Christopher Bellavita, in “Changing Homeland Security: An Opportunity For Competence,” looks at the events surrounding Hurricane Katrina from the perspective of public administration. He claims that the problems unearthed by the Katrina response provide an opportunity to rediscover the ethic of public sector competence. Almost everyone involved in homeland security is a public administrator. From that perspective, it is useful to review the changing understanding of what “competence” has meant to administrators. In the past 120 years, public administration has gone through several eras. Administrators have been artisans, scientists, social reformers, and public managers. Each era brought with it different standards for defining competence. Bellavita believes Katrina provides public administrators with an opportunity to rediscover a spirit of competence that is appropriate for the homeland security mission. Taking advantage of that opportunity, however, will require dissolving the tradition of psychic feudalism that characterizes much of the contemporary public sector.

William Carwile was the Federal Coordinating Officer in Mississippi during the Katrina response. Hurricane Katrina provided the first major test of the National Incident Management System (NIMS), the National Response Plan (NRP), and (at the multi-state and national level) Unified Command. Carwile writes that in Mississippi the unified command system worked well in reducing the chaos of this catastrophic disaster. In his article, “Unified Command and the State-Federal Response to Hurricane Katrina in Mississippi,” Carwile presents a clear description of what unified command means within the NIMS and NRP context. He defines the often-misunderstood term “unified command” as “a mechanism to define and achieve a set of objectives in situations where two or more political or functional entities have authorities and/or assets.” His article outlines the concepts and history of unified command, and the use of unified command principles in the Katrina response and in several other major disaster responses. He describes the success of the unified command structure in Mississippi, and reviews the conditions that contributed to that success. Carwile notes that in a federalist system “consensus building and a collaborative approach to problem-solving” are the elements that make unified command work. He also outlines the unresolved issues that limit the effectiveness of NIMS and the NRP. Throughout this article, Carwile emphasizes the differences between homeland security and homeland defense, and between ideas that work in a military context and ideas that work in the civilian context.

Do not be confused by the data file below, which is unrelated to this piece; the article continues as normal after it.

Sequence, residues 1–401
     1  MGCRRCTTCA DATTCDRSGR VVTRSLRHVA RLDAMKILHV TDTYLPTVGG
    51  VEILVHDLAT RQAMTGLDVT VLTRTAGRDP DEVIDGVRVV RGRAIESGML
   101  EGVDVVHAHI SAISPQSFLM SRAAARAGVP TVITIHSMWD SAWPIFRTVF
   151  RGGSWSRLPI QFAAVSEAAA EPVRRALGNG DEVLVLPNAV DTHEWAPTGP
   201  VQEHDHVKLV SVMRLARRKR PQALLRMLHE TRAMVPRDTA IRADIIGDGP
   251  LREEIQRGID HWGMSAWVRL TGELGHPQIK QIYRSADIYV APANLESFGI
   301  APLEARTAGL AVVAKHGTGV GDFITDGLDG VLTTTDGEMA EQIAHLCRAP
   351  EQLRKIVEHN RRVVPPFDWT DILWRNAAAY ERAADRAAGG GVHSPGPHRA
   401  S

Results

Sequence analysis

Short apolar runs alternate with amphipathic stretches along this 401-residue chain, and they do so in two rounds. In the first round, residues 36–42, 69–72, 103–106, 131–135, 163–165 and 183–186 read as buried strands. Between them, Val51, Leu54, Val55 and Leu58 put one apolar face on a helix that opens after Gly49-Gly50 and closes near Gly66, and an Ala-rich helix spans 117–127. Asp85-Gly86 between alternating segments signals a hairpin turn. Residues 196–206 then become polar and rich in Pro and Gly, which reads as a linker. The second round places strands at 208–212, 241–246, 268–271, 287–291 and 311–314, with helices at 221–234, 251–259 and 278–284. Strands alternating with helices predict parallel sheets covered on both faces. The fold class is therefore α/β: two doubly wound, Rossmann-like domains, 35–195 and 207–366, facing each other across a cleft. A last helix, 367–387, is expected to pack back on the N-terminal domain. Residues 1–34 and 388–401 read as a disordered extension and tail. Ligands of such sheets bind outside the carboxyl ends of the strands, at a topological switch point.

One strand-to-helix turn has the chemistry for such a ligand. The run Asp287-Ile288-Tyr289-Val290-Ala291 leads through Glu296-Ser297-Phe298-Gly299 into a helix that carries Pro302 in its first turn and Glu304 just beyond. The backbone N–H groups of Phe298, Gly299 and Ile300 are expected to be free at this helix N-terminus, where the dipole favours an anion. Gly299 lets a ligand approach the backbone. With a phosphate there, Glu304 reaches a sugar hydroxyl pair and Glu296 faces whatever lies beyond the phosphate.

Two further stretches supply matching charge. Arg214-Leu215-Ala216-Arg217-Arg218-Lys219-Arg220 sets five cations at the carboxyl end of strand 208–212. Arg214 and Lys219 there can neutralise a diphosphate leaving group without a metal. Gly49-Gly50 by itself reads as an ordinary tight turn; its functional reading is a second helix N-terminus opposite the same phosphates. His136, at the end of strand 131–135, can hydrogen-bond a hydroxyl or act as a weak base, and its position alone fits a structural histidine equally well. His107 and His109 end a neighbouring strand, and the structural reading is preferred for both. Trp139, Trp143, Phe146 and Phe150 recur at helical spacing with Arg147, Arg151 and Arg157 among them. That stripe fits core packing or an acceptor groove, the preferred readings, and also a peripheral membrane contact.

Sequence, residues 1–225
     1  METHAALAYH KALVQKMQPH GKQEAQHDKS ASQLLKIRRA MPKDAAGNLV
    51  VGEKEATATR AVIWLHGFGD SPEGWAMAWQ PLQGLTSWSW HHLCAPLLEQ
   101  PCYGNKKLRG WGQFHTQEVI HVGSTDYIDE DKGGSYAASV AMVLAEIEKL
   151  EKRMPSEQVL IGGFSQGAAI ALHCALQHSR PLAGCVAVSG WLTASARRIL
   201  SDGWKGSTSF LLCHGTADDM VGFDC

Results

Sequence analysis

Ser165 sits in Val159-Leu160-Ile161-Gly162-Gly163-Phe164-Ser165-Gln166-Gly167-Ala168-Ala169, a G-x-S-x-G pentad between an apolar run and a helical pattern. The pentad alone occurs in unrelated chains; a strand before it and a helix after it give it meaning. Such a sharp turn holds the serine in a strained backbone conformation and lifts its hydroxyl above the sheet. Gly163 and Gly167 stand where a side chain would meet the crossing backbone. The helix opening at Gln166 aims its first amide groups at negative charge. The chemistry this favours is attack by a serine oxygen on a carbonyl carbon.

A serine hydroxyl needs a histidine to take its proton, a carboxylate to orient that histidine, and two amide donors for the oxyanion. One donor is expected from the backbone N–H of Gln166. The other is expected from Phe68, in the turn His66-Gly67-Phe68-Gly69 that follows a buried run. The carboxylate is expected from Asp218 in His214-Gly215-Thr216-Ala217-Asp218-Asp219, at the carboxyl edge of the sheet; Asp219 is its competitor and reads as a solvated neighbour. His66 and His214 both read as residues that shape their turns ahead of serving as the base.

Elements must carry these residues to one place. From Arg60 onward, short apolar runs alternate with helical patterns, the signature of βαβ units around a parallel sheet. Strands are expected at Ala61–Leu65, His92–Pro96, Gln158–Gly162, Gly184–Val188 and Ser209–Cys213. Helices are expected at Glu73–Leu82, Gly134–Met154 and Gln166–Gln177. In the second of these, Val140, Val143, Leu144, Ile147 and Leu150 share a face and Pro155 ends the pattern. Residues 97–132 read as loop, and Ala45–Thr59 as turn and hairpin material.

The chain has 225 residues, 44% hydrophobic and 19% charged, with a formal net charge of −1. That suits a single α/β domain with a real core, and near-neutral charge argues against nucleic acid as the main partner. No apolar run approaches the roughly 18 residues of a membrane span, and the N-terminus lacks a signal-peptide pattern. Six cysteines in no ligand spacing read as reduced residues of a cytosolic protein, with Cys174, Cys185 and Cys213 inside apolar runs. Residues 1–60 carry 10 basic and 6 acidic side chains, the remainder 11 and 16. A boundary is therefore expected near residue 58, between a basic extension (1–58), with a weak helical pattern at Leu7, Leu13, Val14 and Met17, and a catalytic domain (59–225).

Larry Irons closes this issue of Homeland Security Affairs with “Hurricane Katrina as a Predictable Surprise.” Irons looks at Katrina through the conceptual lens of the “predictable surprise.” He discusses predictable surprise as an organizational event that results from the failure of organizational processes to support “surprise-avoidance” actions by the members of the organization. FEMA and the U.S. Army Corps of Engineers pre and post-Katrina activities provide the specific focus for Irons’ analysis of surprise. He concludes his article by presenting several policy proposals that emerge from viewing Katrina as a “predictable surprise.”

Homeland Security Affairs aspires to be a forum for thoughtful discussions about homeland security. We seek to be a journal that hosts critical analyses of important homeland security ideas. It would be hubris to declare that every article published in Homeland Security Affairs attains our goal. We are a journal still searching for its voice. We aspire to continuously improve the quality of what we publish in this journal. We are looking for articles that frame and contribute to the continuing conversation about significant ideas in homeland security. We invite you to join in that search.